Notwithstanding its phenomenal impact on the market, the Nissan Qashqai’s continuing success was dependent on staying ahead of a growing battalion of rivals, and evolution was necessary to maintain its dominant market position. The next generation Qashqai, codenamed J11, was presented in November 2013, and sales commenced in February 2014. With the J10’s success, Nissan Europe had already entered an new era of design and business confidence, evidenced by the bold and controversial design of the 2010 London-styled Juke, a pioneering B-segment SUV.
The new Qashqai was far less adventurous than the wilfully quirky Juke, carrying over some cues from the J10 original to a more angular and rugged form. The articulation of the flanks, a clamshell bonnet, and a more aggressive face, hinted at Nissan’s upcoming ‘athletic’ global design vocabulary, soon to Continue reading “And Now We Rise, and We Are Everywhere – (Part Two)”
What do we think of when we think of the Nissan Qashqai? The promising 2004 concept which introduced not only the name, but also the talents of Nissan’s London design studio? The worthy but visually underwhelming crossover which made its debut in Paris two and a half years later? The sales phenomenon which led to Nissan’s Sunderland factory producing more vehicles per annum than Italy’s entire automotive industry?
For this writer, the conclusion of the fieldwork element of a four week crash-course in Qashqai Studies is that it is Europe’s incognito car champion. Once I had set the radar on the self-effacing crossover, I suddenly found them everywhere, in all generations (they seem to last well) and trim levels. Before this, I would have more readily paid attention to items of street furniture.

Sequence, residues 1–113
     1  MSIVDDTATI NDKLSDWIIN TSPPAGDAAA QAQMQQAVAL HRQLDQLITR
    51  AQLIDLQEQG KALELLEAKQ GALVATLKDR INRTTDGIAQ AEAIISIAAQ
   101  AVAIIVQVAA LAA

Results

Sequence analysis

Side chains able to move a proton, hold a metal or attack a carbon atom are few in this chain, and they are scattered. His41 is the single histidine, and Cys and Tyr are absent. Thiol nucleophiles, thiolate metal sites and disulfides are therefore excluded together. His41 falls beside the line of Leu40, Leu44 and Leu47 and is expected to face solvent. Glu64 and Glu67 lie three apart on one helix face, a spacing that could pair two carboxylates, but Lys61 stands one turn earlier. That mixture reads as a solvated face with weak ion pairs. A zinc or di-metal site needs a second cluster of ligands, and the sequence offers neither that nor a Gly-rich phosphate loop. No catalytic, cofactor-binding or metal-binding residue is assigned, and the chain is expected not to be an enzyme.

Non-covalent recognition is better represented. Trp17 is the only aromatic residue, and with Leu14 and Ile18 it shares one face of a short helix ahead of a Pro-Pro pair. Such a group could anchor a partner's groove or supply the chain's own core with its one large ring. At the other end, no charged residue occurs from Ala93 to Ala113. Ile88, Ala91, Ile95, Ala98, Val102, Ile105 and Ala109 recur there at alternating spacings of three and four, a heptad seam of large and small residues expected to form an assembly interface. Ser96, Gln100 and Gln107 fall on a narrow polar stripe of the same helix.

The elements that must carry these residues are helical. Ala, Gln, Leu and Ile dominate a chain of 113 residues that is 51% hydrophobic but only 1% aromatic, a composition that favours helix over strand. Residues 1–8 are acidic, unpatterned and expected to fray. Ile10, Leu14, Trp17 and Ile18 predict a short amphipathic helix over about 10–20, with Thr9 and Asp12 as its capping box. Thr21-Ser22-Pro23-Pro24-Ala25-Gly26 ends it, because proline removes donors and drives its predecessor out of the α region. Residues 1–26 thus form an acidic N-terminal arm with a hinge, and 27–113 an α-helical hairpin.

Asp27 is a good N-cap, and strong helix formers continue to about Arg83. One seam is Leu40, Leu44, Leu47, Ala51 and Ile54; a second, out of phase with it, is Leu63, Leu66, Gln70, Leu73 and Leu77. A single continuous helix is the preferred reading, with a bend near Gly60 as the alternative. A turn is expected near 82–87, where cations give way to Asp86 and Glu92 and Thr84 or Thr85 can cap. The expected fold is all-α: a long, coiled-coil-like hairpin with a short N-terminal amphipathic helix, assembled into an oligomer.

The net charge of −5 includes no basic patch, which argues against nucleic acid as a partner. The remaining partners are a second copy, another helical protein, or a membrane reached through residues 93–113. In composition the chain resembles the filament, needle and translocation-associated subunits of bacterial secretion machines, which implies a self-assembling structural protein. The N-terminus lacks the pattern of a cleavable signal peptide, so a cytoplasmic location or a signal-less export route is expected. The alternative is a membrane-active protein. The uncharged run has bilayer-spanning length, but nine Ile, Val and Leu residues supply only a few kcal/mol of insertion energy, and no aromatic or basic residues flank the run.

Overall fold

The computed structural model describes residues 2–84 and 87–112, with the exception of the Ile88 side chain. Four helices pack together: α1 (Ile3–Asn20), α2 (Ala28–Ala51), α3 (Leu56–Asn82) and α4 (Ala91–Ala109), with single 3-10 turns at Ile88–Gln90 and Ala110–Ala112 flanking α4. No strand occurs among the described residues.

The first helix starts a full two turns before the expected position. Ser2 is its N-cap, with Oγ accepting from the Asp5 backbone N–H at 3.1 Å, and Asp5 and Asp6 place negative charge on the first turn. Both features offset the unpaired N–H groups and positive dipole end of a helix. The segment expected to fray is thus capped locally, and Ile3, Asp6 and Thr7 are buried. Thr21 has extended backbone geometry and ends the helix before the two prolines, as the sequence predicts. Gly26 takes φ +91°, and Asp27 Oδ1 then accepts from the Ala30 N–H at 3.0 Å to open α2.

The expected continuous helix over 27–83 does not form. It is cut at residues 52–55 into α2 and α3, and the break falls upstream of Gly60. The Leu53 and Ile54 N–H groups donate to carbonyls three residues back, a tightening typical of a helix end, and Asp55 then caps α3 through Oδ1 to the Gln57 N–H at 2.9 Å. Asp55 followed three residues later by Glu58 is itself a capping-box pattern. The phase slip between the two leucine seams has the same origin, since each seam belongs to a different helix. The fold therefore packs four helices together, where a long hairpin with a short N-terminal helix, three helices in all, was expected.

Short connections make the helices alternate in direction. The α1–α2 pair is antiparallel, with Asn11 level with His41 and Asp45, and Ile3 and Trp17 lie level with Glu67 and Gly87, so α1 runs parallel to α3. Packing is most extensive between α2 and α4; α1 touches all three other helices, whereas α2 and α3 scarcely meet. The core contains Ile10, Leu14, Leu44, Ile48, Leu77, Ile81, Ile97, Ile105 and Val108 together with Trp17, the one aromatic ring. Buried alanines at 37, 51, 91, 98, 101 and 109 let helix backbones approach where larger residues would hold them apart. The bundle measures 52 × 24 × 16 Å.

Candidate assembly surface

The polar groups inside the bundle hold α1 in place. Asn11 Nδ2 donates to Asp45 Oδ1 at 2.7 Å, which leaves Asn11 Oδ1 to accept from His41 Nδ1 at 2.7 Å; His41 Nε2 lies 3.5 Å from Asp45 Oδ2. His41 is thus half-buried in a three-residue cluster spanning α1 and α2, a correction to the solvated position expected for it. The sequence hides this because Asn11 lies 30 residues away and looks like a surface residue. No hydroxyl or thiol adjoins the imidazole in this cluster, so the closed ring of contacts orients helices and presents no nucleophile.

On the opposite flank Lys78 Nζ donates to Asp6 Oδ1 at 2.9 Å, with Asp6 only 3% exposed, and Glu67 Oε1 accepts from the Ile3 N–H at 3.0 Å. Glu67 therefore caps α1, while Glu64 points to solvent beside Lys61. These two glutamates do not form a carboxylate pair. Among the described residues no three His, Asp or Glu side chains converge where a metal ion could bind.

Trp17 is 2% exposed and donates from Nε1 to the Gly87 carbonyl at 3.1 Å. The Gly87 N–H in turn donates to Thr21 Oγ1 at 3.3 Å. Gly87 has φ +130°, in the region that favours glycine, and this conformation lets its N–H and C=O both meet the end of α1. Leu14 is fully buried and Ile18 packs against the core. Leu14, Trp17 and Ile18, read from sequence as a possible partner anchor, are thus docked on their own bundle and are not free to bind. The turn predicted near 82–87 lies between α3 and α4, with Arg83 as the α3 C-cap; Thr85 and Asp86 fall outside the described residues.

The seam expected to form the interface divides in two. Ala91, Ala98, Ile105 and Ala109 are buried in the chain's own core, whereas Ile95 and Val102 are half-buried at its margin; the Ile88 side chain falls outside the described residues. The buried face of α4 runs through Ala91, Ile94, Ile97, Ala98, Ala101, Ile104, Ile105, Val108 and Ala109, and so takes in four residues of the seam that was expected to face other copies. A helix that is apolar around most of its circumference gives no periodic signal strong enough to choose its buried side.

This post is something of a ragbag and it’s missing one photo.
A Maserati Ghibli pulled up next to me at traffic lights yesterday. As ever, I checked out the brightwork around the sideglass. Much to my amazement, Maserati opted for two pieces, instead of one, around the rearmost pane. For the kind of money Maserati want, I’d expect one single part. Opel and Kia can do it.
Necessity might be the mother of Invention, but her second child is named Compromise.
For anyone with an ounce of petrol in their veins, few experiences necessitate compromise more than parenthood. Children may be small, but their interminable things are not. The gravitational pull of a gurgling baby Katamari attracts hitherto unimaginable mountains of clutter.